Asbestos Justice: The Time Has Come! 

by Laurie Kazan-Allen



From Japan to Brazil via Italy and France, over recent days asbestos victims have secured amazing judicial wins. On January 29, 2016, the Kyoto District Court1 for the first time upheld the right of construction workers to bring claims against major manufacturers for negligently exposing them to asbestos. Presiding Judge Kazumi Higa said: “It is highly probable that the construction materials sold by the makers caused damage to the plaintiffs.”

Nine manufacturing companies were ordered to pay compensation of 110 million yen (US$908,000) to 23 construction workers and their families; damages against the Japanese government totalling 216 million yen (US$1.78m) were awarded to 27 construction workers and their families. The Japanese government had previously been fined for failing to take timely and appropriate action on the asbestos hazard by district courts in Osaka,2 Tokyo and Fukuoka.


Victorious campaigners at Japanese Diet after Kyoto verdict, January 29, 2016.

The issue of anxiety caused by asbestos exposure is contentious; defendants’ lawyers categorize sufferers as the “worried well” even as the mental anguish and depression experienced by people at-risk of contracting asbestos-related diseases often disrupts and derails their life. Last week, two French institutions acknowledged that people negligently exposed to asbestos deserve compensation even if they have no symptoms of disease. On January 28, 2016, an industrial tribunal in Bobigny awarded 315 Bosch employees and former employees €5,000 for asbestos “anxiety prejudice” which resulted from hazardous workplace exposures during the 1990s.3 A lawyer representing the claimants said that an appeal is being considered as other jurisdictions have awarded sums of €10,000 per person. The following day (January 29, 2016), the Amiens Court of Appeal doubled an award set by a lower tribunal for compensation due to 63 Honeywell factory workers, each of whom will now receive €8,000 for asbestos anxiety.4

On January 30, 2016 a landmark judicial ruling by La Spezia Labor Court was reported which held the Navy – the owner of the arsenal’s warehouse at Marola – liable for the death of a worker hazardously exposed to asbestos exposure at the warehouse. The Navy was ordered to pay compensation of €300,000 to two children of the deceased who was 68 years old when he died. In the 1960s, he had come into contact with asbestos pipe insulation which was in poor condition due to rodent activity whilst employed by the Navy. Defending the Navy, the State Attorney denied negligence, asserting that the asbestos hazard was unknown in the 1960s.5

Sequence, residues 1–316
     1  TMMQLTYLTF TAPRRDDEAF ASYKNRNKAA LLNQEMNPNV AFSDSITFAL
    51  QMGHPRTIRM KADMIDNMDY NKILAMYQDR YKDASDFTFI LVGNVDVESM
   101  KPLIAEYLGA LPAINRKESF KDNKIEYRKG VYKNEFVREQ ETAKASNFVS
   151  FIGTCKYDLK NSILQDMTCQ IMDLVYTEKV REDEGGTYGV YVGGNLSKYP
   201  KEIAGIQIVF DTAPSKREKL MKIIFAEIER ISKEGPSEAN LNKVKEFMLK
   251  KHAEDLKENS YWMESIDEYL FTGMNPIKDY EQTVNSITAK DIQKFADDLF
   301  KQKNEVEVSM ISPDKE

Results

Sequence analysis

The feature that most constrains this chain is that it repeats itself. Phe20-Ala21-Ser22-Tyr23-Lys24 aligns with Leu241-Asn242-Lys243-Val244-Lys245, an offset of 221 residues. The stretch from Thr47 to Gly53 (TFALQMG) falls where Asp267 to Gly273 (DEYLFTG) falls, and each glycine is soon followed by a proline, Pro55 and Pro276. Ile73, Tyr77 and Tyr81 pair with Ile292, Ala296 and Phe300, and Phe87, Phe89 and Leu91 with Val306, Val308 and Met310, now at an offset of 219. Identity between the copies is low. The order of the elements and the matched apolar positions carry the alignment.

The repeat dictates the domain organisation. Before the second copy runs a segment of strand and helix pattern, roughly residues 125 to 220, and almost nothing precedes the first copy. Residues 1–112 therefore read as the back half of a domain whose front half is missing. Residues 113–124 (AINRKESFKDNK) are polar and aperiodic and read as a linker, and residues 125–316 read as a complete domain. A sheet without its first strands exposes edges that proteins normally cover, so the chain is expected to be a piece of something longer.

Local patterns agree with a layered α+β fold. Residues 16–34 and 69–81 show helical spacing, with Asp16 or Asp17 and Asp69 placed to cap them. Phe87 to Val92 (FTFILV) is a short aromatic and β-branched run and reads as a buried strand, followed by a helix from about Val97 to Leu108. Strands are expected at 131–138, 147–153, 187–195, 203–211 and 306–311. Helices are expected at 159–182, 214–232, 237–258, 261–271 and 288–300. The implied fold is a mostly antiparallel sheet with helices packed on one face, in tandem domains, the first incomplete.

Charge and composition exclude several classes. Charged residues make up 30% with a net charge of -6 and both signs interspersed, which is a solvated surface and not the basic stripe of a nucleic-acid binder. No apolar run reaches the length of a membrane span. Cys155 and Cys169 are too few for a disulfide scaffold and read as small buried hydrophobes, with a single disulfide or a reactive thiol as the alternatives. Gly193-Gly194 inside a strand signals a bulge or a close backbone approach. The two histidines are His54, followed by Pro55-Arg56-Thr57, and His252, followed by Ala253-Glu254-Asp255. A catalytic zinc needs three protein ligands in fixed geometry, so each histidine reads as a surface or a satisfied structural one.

Other judicial proceedings took place last month (January, 2016) in Ivrea, Italy in a landmark asbestos case against seventeen executives and/or owners of the Olivetti Company. The accused are facing charges ranging from murder to culpable injury over twelve asbestos-related deaths and two cases of serious illness amongst the Olivetti workforce. The asbestos victims’ group from Casale Monferrato (AFeVA) is one of the plaintiffs in this action. Amongst facts revealed during testimony on January 11 and 25, were the occurrence of workplace exposures to tremolite, an asbestos fiber type considered to be extremely carcinogenic. According to Regional Health Inspector Dr. Cerruti, some parts of Olivetti’s industrial premises remain contaminated. The trial is scheduled to continue until July, 2016 with hearings every Monday.

In Brazil, asbestos litigation can be an uncertain and slow process. In recent years, however, mobilization by the Brazilian Association of the Asbestos-Exposed (ABREA) has led to significant improvements. Last week, the family of an engineer who died of mesothelioma in Osasco, a city in the center of Brazil’s asbestos heartland, received payment of one million U.S. dollars eight years after a lawsuit against Brazil’s asbestos giant – the Eternit company – had been filed. At the end of January, Eternit experienced other major defeats when a labor court in Rio de Janeiro recognized ABREA as the legitimate representative of asbestos-exposed citizens and a class action was filed by victims demanding financial compensation as well as a comprehensive package of medical support and healthcare including psychological and nutritional assistance.

In developed and developing countries judicial precedents are being set and victims are winning major victories in their fight for asbestos justice. The role of campaigning bodies and groups representing the injured such as AfeVA (Italy) and ABREA (Brazil) are of crucial importance. Governments, institutions and corporations which allowed toxic exposures to occur have been condemned and punished for their failures. National administrations, civil servants and companies which allow hazardous exposures to continue should be under no illusion: the day of reckoning is nigh!

February 1, 2016


1 State, building supply makers ordered to pay asbestos compensation. January 30, 2016.

2 On January 22, 2016, the Osaka District Court ruled that construction workers had a legitimate cause of action against the Japanese Government.

3 Amiante: des salariés de Bosch obtiennent reparation [Asbestos: Compensation for Bosch employees]. January 28, 2016.

4 Allonne: les ex-Honeywell reçoivent 8 000 € pour l’amiante [Allonne: former Honeywell workers receive €8,000 for asbestos]. January 29, 2016.

5 See: Marina Militare risarcirà figli operaio morto per respirare Amianto [Navy indemnifies sons of a worker who died after inhaling asbestos]. January 30, 2016.



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